Relying primarily on international human rights standards – and particularly those developed by the Inter-American human rights systems – the Tribunal stressed that the rights to freedom of expression and information are crucial for a healthy democracy, and in the context of a “global public good”, such as COVID-19 vaccines, they take on an even greater importance. The Tribunal warned that keeping COVID-19 vaccine acquisition contracts confidential would violate these rights. For instance, maintaining contract confidentiality would prevent civil society and the general public from ensuring the oversight necessary to keep the government accountable.
Overall, the Tribunal’s decision amounted to an application of the “maximum disclosure” principle. As the Tribunal highlighted, this principle has been developed mainly by the Inter-American Human Rights system based on Article 13 of the American Convention of Human Rights (Freedom of Thought and Expression). Regarding this principle, the Inter-American Court on Human Rights has set out that, in a democratic society, it is essential that State authorities be governed by the principle of maximum disclosure, which establishes the presumption that all information is accessible, subject to a limited system of exceptions.
The Tribunal also warned against excessive private control over the vaccine acquisition process, including by referring to examples of possible risks that could occur, such as overcharging by pharmaceutical companies.
What are the broader implications of the Tribunal’s decision?
The Tribunal’s decision upholds the importance of publicly disclosing the contracts between pharmaceutical companies and governments relating to COVID-19 vaccines. It highlights the fact that non-disclosure clauses featured in many of these contracts may, prima facie, violate international human rights law, as well as domestic legal standards applicable to procurement contracts.
Across the world, COVID-19 vaccine procurement contracts between pharmaceutical companies and States too often remain heavily guarded secrets, with only heavily redacted versions of such contracts being disclosed publicly and only when their existence is actually revealed. Various governments have maintained that pharmaceutical companies have required them to sign non-disclosure agreements in order to secure COVID-19 vaccines, sometimes even when those agreements violate their own domestic law.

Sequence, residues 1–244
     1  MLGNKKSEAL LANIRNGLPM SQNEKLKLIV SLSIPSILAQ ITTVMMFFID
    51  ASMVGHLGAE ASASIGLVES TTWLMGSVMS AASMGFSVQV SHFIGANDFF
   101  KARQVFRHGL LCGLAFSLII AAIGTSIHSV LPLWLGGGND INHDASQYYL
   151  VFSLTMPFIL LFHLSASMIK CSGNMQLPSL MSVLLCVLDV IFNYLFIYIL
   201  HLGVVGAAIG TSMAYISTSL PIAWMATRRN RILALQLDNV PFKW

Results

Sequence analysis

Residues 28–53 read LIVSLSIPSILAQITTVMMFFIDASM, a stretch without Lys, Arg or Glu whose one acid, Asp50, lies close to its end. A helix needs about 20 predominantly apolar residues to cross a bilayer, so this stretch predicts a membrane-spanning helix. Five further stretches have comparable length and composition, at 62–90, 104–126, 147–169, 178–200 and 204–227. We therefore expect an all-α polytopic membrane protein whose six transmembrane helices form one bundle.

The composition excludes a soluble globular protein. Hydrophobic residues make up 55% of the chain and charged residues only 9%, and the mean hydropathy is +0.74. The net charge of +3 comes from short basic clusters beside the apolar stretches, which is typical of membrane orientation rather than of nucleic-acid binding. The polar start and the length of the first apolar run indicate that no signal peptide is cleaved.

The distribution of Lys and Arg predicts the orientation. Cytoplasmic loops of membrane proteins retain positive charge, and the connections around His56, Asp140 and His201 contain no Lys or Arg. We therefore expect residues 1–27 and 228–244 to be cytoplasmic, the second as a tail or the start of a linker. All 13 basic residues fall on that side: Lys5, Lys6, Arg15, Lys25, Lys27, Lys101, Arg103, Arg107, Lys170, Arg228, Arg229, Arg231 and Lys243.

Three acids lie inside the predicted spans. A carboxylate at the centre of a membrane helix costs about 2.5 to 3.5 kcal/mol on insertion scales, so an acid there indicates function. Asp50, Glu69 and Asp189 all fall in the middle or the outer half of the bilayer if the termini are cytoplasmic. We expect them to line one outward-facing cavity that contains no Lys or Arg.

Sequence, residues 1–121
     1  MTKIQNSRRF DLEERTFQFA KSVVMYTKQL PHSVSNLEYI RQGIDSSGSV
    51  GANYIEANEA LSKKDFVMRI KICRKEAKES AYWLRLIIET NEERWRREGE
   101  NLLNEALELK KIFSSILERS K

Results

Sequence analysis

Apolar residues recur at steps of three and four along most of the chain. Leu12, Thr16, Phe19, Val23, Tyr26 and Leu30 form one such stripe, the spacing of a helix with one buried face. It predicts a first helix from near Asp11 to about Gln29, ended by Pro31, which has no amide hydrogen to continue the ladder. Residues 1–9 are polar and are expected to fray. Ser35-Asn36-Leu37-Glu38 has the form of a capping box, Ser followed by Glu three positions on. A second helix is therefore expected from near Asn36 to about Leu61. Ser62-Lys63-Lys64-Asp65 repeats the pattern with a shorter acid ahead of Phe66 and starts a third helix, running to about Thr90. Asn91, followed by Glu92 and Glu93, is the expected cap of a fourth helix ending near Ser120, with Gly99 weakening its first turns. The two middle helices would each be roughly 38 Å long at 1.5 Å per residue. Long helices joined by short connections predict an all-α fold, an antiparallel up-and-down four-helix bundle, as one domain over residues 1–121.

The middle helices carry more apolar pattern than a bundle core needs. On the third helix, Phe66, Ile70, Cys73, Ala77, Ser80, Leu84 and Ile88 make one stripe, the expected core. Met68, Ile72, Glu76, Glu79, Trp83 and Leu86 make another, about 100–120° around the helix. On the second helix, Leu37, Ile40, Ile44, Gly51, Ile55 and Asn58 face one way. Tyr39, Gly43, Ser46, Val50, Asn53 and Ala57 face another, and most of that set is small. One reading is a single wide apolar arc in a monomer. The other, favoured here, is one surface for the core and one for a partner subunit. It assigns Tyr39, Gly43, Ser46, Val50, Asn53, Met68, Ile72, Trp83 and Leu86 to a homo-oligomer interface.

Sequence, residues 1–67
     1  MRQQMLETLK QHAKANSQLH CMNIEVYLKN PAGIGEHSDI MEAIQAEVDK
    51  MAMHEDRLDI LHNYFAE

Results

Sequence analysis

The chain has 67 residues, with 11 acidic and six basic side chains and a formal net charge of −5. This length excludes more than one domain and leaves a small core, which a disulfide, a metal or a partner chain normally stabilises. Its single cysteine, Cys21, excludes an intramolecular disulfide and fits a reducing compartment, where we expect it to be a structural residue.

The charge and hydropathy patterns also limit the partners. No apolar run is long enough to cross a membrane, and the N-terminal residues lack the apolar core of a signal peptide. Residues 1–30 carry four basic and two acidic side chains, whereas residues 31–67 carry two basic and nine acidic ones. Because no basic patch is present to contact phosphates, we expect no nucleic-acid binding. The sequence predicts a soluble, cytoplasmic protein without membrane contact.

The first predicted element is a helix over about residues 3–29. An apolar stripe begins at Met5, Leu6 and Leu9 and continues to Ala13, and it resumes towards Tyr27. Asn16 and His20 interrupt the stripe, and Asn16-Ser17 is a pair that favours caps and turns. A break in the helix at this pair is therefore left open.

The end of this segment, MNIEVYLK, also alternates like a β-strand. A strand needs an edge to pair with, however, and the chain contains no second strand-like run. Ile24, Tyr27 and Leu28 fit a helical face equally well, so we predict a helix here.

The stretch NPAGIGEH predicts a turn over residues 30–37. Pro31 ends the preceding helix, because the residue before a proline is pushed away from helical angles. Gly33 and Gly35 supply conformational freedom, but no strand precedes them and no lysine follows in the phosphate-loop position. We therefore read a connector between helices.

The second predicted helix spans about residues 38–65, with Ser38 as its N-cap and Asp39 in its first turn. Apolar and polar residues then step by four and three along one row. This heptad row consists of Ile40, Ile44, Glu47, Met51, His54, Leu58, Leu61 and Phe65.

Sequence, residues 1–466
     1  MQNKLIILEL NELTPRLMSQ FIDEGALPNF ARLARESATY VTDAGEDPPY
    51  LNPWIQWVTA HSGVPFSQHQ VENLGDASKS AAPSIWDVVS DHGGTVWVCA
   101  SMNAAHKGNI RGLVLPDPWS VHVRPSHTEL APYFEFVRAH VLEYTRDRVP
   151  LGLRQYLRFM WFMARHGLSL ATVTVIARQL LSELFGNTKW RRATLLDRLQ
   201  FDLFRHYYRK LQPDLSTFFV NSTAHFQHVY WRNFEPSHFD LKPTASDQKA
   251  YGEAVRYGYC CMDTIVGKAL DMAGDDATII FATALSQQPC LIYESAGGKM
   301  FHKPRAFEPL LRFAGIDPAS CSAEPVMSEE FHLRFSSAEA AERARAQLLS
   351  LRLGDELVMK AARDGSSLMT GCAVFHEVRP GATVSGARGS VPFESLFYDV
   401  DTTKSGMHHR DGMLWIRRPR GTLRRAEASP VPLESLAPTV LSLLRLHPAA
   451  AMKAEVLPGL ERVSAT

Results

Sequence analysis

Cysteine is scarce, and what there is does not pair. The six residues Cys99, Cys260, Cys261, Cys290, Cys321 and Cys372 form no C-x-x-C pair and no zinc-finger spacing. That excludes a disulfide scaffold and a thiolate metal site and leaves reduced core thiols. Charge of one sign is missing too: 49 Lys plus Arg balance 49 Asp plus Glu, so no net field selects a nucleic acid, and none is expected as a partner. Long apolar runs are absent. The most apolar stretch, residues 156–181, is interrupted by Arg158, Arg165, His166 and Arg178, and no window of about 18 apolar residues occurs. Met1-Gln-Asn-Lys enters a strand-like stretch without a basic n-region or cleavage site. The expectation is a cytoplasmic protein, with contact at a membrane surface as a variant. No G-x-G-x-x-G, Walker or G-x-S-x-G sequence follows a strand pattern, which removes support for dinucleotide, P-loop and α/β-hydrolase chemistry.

Whether these non-disclosure clauses are at the instance of pharmaceutical companies or governments themselves, problems with them remain the same. The non-disclosure agreements concern crucial contract terms, such as pricing per dose, delivery dates and recourse for delays and other non-liability terms. The lack of transparency they engender gives pharmaceutical companies an unfair advantage in price negotiations, leading to significant variances in vaccine prices, according to what little information has transpired through leaks. As a result, pharmaceutical companies have largely avoided liability despite significant delays in vaccine delivery.
Furthermore, the ruling shows the crucial connection between access to justice and access to COVID-19 vaccines, which the International Commission of Jurists (ICJ) has emphasized since the onset of the pandemic, because “retaining scope for judicial review by independent courts is essential to upholding human rights and the rule of law during states of emergency”. The ICJ has also stressed this crucial aspect in the context of the specific issue of equitable vaccine access. The Tribunal’s decision, adding to decisions of courts in Zimbabwe, Nepal and India, shows the kind of role courts can and should play in ensuring equitable COVID-19 vaccine access.